So what are we doing to stay on track? Well, I listen to podcasts on financial planning – especially ones that celebrate people’s financial victories. Hearing the stories of people that have paid off huge amounts of debt is very cool. Getting sound advice as to what to do with our money is also cool. Being encouraged as we carry on our financial journey is awesome

We set goals, and actively pursue them.

I read books on personal finance, small business, and other informative literature that interests me along the way. (This is a new thing for me by the way, two years ago I would have told you that I was a fiction/literature girl. While a few well worn paperbacks still find their way onto my night stand from time to time the majority of my reading now helps me/us to grow and accomplish our goals.)

I try to spend time with and seek the advice of people who are in the financial position that I would like to be in. Conversely I try to offer a helping hand/word of advice and encouragement to those that are following the same path but may be a few steps behind us as often as I can.

We will keep struggling through this, and we will succeed. We’ll weather the storm and eventually we’ll achieve our goals. Those things are certain to me. I CAN see it slowly coming together. Am I making the progress that I want to be right now, no, but I have to remind myself that I’m running a marathon not a 100 meter sprint. Good things come to those who wait!

photo credit: dvw2 via photopin cc

About the author cynthiamchale

If you've found this page it was probably by accident, and if you've chosen to read it anyway, well thank you. Let me tell you a bit about myself so maybe you'll understand a bit of where I'm coming from. I'm a wife and full-time Mommy. I can be blunt, and am usually opinionated, I love to knit, crochet, whitewater kayak, run, make bread, and spend time with my friends and family. I promise that my personal blog will be one of the most random collections of posts in existence because the whole point is for me to have an outlet for the things that are running around in my head, and maybe you'll be entertained in the process. Thanks for reading, hope you enjoy!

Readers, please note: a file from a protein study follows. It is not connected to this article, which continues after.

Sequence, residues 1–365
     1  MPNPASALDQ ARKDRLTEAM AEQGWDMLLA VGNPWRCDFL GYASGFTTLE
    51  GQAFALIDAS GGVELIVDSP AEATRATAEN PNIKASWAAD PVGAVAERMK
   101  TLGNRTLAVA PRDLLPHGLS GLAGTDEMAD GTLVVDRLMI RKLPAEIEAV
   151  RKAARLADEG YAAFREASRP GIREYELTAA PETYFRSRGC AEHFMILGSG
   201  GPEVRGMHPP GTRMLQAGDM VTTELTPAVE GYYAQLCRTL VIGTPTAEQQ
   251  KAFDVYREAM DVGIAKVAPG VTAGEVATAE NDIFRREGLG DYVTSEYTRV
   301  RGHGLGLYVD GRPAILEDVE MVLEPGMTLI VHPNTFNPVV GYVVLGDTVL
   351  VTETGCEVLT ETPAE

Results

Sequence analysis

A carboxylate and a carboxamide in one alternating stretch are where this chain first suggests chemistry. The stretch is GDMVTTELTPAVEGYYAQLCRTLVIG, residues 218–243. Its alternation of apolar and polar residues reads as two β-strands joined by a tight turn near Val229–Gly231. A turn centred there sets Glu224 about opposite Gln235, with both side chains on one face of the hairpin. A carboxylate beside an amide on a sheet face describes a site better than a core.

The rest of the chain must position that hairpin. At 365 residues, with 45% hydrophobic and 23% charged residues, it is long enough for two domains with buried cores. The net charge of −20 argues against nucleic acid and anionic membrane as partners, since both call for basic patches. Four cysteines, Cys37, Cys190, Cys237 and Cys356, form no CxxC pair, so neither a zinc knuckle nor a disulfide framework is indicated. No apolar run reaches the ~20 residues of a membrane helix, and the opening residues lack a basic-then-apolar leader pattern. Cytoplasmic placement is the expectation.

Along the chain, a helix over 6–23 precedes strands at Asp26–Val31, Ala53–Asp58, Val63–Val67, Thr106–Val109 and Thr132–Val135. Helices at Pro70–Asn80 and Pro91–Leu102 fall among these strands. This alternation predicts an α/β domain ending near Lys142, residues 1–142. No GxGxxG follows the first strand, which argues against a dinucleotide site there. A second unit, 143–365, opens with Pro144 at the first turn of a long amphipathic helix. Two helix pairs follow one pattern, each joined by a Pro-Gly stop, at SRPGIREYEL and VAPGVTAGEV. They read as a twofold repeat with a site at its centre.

All posts by cynthiamchale →

4 Comments

  1. “I listen to podcasts on financial planning – especially ones that celebrate people’s financial victories.”

    Can you recommend a few? Thanks.

    Reply

    1. Sorry for the tardy reply, we’ve had family in town and the blog fell to the wayside. The top three podcasts that I listen to on a regular basis dealing with finance/business/personal development are:

      The Dave Ramsey Show
      Dan Miller’s 48 Days to the work you love
      Pat Flynn’s Smart Passive Income.

      While Dan Miller’s, and Pat Flynn’s aren’t directly related to personal finance they deal with business, income, and personal growth, all of which I feel impact your family finances directly. Hearing the success stories on those shows of people who’ve significantly improved their financial situation through job changes, product development, business growth and plain old hard work keeps me going sometimes! Hope that helps!

      Reply

      1. I’ve already subscribed to “Smart Passive Income” but haven’t listened to it for a while and now I’ll have two more podcasts to add to my ever growing list.

        Thank you very much!

        Reply

        1. No problem, ENJOY!

          Reply

Leave a Reply

Your email address will not be published. Required fields are marked *